Archive for the ‘perception’ Category


The image annexes space

July 8, 2010

A few years ago, an exhibition at the Netherlands Architecture Institute entitled Spectacular City: Photographing the Future posited the thesis that, in the words of photographer Frank van der Salm, the best architects around today are photographers.

This is one metaphor for understanding the image’s primary role in the practice and perception of architecture today. As mentioned before, architectural photography—where space and the image intersect—reveals the radical flux acting on the constituent practices of architecture and photography today. The architectural image—which was the basis for the trade press, lifestyle publications, and monographs which nourished different aspects of the industry—has now broken nearly every bound of medium, format, and expository context. It is now increasingly independent from its original commercial purpose, and like an autonomous emergent intelligence is part of the process of demoting its ostensible benefactor (the architect and client) and casting a new, indispensable role for its creator and technician (the architectural imager).

The implications break in two directions. The first is found in extravagantly prodigal print manifestations—OMA’s Book Machine publishing laboratory and its 40K-page supermonograph.

The second is in the post-virtual, optical/perceptual hybrid space of the holographic architectural model, such as the autosteroscopic 3D tiles from Zebra Imaging.

When global modernism was emerging at the same time that cheaper and better photomechanical reproduction became available, the image became the primary currency of this architecture. Then, the goal of architectural photography was clarity and iconic singularity. Today, the opposite is true; the kaleidoscopic cloud of architectural images speaks to the decline of the architectural monograph in codex book form, and the image’s surprising annexation of architectural space itself.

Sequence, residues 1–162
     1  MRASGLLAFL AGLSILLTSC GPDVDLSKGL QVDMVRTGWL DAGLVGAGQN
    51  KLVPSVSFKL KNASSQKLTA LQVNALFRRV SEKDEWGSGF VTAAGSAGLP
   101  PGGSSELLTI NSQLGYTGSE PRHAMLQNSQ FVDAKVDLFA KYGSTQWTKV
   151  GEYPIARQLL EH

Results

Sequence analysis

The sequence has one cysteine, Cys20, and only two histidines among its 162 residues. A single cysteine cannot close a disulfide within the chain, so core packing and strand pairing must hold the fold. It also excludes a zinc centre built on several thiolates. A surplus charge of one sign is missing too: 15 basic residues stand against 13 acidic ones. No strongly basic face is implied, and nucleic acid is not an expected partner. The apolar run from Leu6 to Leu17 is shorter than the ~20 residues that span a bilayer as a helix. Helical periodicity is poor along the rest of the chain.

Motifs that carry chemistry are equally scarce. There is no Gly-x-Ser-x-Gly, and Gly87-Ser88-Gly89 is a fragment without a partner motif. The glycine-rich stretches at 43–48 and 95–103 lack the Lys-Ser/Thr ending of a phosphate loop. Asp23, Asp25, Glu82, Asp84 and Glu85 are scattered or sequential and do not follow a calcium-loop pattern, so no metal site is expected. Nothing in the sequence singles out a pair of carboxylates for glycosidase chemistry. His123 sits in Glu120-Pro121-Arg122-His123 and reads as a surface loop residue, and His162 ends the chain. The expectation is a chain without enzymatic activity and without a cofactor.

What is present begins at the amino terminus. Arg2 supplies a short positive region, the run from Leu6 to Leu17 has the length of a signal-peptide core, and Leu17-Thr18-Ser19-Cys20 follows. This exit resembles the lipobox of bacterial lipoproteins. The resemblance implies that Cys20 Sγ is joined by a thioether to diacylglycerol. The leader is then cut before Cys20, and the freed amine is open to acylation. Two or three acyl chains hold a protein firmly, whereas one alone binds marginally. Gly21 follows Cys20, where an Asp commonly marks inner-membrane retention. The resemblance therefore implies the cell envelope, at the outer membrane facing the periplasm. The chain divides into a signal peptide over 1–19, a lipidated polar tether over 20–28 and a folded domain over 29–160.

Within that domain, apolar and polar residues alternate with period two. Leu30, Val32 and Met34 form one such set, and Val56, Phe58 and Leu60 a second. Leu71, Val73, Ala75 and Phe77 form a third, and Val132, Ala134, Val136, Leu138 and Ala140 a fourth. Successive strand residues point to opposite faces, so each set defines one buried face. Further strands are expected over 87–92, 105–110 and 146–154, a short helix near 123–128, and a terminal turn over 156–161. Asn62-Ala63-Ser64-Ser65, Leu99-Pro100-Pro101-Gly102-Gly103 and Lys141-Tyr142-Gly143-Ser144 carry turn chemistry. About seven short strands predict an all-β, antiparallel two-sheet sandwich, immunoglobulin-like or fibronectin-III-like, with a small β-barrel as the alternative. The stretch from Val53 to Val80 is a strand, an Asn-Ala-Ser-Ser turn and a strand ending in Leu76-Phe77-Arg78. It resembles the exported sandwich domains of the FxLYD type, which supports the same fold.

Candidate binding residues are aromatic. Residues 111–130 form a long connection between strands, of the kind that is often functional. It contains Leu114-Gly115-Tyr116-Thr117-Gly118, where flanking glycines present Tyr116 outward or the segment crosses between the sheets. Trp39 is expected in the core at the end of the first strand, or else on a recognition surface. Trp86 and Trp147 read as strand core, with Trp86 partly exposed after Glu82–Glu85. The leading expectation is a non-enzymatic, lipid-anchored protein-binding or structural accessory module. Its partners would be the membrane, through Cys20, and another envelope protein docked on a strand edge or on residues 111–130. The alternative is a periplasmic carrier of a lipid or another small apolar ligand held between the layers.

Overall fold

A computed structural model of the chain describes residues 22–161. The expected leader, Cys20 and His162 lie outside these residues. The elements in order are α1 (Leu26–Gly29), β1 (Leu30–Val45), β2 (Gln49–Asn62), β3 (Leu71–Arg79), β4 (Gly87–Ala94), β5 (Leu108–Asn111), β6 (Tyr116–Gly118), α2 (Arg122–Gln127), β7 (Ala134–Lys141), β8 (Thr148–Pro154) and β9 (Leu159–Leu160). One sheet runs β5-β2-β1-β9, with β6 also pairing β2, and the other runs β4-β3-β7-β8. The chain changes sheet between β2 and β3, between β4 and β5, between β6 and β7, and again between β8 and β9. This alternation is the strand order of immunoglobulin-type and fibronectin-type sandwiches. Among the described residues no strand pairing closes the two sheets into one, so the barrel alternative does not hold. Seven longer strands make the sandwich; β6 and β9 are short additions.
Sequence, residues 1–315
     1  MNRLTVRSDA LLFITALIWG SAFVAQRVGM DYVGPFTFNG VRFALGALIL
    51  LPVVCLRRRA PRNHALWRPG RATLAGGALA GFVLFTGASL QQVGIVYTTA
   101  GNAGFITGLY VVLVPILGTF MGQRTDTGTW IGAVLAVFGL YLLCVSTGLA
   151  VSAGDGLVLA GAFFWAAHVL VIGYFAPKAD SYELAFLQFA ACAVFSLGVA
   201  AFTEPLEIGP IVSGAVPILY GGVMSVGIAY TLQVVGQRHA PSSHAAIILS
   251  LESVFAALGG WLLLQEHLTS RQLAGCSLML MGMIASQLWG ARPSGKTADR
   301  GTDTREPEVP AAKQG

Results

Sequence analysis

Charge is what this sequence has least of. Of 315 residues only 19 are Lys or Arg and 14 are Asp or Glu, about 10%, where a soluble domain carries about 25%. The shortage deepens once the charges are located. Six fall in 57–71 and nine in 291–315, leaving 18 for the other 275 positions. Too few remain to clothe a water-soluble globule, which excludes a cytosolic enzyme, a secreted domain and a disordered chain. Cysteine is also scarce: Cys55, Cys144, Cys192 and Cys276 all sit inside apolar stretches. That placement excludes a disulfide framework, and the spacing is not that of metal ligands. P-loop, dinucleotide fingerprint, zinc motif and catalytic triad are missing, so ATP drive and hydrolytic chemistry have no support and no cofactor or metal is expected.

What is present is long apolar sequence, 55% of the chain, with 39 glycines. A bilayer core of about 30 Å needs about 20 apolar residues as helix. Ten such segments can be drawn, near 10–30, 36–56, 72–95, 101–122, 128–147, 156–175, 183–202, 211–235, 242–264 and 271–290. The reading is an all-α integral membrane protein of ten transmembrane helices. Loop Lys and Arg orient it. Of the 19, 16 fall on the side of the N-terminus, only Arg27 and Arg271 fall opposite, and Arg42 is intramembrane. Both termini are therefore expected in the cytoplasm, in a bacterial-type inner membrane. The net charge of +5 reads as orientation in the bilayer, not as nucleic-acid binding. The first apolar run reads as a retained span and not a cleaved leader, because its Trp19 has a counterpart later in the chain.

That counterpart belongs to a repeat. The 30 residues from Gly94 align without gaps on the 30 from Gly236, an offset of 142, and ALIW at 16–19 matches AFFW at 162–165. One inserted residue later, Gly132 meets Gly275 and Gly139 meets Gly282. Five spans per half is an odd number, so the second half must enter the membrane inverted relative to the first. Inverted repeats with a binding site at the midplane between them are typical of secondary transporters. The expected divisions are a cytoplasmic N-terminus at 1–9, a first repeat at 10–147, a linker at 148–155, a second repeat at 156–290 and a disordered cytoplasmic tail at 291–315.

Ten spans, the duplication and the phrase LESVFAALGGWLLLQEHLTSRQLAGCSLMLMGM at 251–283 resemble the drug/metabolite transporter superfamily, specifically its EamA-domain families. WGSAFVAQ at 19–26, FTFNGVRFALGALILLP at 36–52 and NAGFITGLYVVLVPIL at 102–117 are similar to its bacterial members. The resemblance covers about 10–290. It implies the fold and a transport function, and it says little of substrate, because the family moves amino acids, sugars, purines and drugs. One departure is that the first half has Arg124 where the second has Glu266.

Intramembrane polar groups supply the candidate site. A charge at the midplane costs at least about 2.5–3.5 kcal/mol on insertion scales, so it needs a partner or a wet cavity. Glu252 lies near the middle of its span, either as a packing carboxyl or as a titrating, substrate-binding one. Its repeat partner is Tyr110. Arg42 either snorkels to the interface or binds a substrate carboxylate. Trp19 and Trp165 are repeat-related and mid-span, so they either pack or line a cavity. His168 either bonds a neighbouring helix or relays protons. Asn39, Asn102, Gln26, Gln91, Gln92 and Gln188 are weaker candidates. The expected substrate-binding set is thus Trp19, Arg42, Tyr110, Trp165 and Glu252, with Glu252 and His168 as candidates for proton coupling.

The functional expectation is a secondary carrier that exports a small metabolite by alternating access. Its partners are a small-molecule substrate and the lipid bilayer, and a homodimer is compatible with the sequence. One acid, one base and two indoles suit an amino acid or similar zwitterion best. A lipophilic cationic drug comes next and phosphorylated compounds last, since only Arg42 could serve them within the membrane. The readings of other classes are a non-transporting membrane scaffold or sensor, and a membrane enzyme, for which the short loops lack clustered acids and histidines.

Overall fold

The legacy of Personal Space

June 29, 2009

personal-spaceAs mentioned here earlier, a longer analysis of Robert Sommer’s Personal Space: The Behavioral Basis of Design over at Design Observer.

Sommer conveyed that even modern people inhabit and protect space like animals and members of territorial tribes; the book is full of terms from anthropology and animal behavior study like “attack, “defend,” “invade,” and “victim.” An exemplary passage describing these innate, universal behaviors (with cultural factors imparting some distinctions) still has the power to surprise upon the recognition that these “victims” and “invaders” are, under similar conditions, the readers themselves. . . .

And more to come regarding this landmark book soon, including a gallery of never-published photos from Sommer’s research.

Personal Space forty years on.


The sonic torsion of personal space

June 26, 2009

PS cover

I’ve been researching the career and writings of Robert Sommer, the polymath psychologist who gave us the durable concept of personal space. His book of the same name, published in 1969, presented research he had conducted and synthesized from outside sources across a wide array of disciplines, including sociology, communication, psychology, perception, criminal and carceral studies, education, animal behavior, architecture, and urban planning.

I’m hoping to publish more about this 40-year-old book elsewhere soon, but until then, I am reminded of how influential this book still is when I find recent research like this: via Mind Hacks, evidence that people listening to music through their headphones have a warped sense of their personal space. Impairment of spatial relations perception due to cellphone use while driving has been known for a few years, so this is no surprise. The research Dr. Sommer pioneered is ongoing.

(Thanks for the tip, Jenn!)